(NaturalNews) Carnosine is a powerful antioxidant that improves muscle, brain and cardiovascular function. This special molecule is found in healthy animal meat and is being deeply researched for its anti-aging effects. It mainly functions to protect the proteins of the body which aids in tissue healing and repair.
Carnosine is a peptide that is composed of two amino acids: beta-alanine and histidine. Researchers around the world have demonstrated carnosine's ability to scavenge dangerous free radicals. In particular, it works effectively against reactive oxygen species (ROS), the hydroxyl radical and harmful aldehydes that are formed due to the peroxidation of cell membrane fatty acids. This is especially important because these are two of the more harmful free radicals to neutralize.
Carnosine is the most potent defense against the process of glycation. Glycation involves the non-enzymatically coordinated bonding of a sugar molecule (glucose/fructose) with either a protein or lipid. This creates sticky proteins and oxidized fats that both act as potent free radicals known as advanced glycolytic enzymes (AGEs). AGEs are associated with accelerated aging processes and produce 50 times more free radicals than non-glycated proteins.
The brain concentrates carnosine to protect itself against AGE formation, excitotoxitiy and lipid oxidation. This reduces brain cell death and inflammatory plaque formation. This process maintains healthy circulation throughout the brain preventing against conditions such as dementia and stroke. Carnosine is also considered a potent copper-zinc chelating agent that inhibits the amyloid-beta cross-linking that leads to Alzheimer's disease.
Carnosine reduces telomere shortening
The newest theory of aging has to do with the chromosomal telomere shortening rate. States of accelerated aging are characterized by fast telomere shortening. Carnosine has been shown to reduce the telomere shortening rate.
One study looked at older fibroblast cells placed in a carnosine medium. Fibroblast cells play an important role in the formation of the skin. The cells bathed in carnosine showed signs of rejuvenation and had an enhanced ability to divide opposed to the control group. The cells in the carnosine medium had an average life span of 413 days compared to 126-139 days for the cells of the control group.
When researchers took the older cells out of the carnosine medium they began to rapidly age again. However, once they put them back into the carnosine medium they again began acting like younger cells. Researchers believe that carnosine keeps cells young through its ability to reduce AGE formation and the ability to replace old proteins.
A 1999 study tested carnosine on lifespan and aging factors in older mice. Carnosine was shown to extend these older mice lifespan by an average of 20% compared to controls. The treated mice were twice as likely to live a full 12 months as the mice who were not given carnosine. The researchers remarked at how the carnosine fed mice had rich color and volume to their coat and significantly fewer ulcers.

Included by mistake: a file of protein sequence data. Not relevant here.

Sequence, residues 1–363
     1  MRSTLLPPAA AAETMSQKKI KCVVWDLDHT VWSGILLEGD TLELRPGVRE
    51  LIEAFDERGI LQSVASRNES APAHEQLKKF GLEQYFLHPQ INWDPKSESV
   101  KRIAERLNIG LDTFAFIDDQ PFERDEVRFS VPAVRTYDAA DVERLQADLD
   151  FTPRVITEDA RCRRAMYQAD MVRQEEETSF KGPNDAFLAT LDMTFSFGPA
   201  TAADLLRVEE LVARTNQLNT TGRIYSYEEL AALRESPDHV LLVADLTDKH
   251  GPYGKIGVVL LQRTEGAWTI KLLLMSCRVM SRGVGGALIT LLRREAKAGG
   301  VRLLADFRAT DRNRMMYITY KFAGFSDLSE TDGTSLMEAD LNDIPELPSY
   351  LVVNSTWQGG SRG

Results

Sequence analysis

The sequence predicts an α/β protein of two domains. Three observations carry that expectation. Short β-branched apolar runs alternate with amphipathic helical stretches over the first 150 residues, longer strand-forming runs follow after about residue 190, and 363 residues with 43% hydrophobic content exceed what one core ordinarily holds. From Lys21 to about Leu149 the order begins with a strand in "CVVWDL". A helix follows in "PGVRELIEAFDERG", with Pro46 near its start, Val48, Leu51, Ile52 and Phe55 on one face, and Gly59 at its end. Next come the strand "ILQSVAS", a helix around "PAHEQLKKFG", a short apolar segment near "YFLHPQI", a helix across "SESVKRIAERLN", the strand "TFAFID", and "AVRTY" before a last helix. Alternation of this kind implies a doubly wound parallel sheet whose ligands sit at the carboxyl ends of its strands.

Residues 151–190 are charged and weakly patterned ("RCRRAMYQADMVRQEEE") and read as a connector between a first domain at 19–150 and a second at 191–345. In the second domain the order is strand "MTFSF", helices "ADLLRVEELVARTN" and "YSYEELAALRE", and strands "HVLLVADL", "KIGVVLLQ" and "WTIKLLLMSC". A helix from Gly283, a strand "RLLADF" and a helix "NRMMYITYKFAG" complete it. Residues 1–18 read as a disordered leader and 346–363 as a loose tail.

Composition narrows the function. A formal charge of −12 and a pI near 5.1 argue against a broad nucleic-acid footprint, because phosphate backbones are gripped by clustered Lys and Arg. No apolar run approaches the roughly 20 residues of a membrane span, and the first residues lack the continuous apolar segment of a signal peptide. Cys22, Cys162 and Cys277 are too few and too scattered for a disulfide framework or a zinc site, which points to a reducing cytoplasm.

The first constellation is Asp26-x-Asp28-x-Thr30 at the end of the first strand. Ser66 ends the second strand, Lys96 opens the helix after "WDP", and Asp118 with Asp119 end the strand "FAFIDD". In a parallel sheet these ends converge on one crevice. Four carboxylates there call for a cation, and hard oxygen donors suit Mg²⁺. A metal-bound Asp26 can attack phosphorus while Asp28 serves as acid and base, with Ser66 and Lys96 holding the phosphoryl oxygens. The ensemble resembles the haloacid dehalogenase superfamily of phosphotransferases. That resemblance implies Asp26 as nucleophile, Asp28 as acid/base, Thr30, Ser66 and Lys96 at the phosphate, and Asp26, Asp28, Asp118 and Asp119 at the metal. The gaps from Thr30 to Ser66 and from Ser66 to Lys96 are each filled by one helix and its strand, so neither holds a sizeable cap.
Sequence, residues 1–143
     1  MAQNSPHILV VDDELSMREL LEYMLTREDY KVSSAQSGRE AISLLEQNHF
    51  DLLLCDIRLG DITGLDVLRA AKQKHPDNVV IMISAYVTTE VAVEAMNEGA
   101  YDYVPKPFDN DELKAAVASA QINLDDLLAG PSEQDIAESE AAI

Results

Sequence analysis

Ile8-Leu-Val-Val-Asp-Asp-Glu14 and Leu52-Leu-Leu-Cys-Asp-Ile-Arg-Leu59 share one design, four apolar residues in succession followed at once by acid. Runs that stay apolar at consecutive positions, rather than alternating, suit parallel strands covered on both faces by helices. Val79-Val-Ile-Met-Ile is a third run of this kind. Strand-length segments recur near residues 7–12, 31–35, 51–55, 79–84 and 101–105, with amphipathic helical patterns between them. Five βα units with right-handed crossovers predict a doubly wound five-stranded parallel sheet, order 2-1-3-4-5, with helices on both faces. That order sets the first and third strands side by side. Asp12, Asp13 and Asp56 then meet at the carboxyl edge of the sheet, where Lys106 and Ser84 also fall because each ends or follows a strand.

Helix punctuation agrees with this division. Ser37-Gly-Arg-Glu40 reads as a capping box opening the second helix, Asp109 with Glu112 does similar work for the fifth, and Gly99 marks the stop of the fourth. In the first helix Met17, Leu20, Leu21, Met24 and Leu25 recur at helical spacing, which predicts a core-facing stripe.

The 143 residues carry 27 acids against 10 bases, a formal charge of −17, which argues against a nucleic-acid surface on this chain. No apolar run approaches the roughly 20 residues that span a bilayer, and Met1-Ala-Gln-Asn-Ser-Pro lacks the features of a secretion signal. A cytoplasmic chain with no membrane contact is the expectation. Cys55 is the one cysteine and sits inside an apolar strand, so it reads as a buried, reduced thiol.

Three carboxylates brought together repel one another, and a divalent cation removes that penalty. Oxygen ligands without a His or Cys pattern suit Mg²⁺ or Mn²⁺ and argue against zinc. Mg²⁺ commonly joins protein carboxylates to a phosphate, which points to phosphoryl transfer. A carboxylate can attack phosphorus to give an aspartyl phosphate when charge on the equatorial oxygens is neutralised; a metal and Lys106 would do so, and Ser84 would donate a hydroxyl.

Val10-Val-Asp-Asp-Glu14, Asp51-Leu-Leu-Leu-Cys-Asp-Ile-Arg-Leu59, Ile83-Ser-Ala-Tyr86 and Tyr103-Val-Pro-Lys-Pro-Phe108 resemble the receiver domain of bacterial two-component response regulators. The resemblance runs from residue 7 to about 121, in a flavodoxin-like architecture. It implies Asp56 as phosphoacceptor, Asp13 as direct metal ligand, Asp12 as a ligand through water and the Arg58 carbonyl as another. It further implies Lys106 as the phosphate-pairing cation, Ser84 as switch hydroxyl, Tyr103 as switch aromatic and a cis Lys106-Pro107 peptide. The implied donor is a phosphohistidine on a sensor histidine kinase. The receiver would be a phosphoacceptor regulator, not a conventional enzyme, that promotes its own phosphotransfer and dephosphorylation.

Carnosine has been shown in several longevity studies to increase lifespan and improve appearance, brain function and physiological health in aged mice. The researchers believe "carnosine treated animals can be characterized as more resistant to the development of typical aging features."
The best sources of carnosine are in organic animal meat products who fed on grass and seeds. Commercially raised animals have significantly less carnosine due to poor diet and stressful lifestyle. The best sources include grass-fed beef, bison, lamb, free range chicken, turkey and duck. The optimal daily dosage of carnosine is 1 g daily. This is equivalent to about a pound of clean meat per day.
McFarland GA, Holliday R. Retardation of the senescence of cultured human diploid fibroblasts by carnosine. Exp Cell Res. 1994; 212(2):167-75.
McFarland GA, Holliday R. Further evidence for the rejuvenating effects of the dipeptide L-carnosine on cultured human diploid fibroblasts. Exp Gerontol. 1999; 34(1):35-45.
Yuneva MO, Bulygina ER, Gallant SC, et al. Effect of carnosine on age-induced changes in senescence-accelerated mice. J Anti-Aging Med. 1999; 2(4):337-42.
About the author: Dr David Jockers is a Maximized Living doctor and owns and operates Exodus Health Center in Kennesaw, Georgia where he specializes in functional nutrition, functional medicine and corrective chiropractic care to get to the underlying cause of major health problems.
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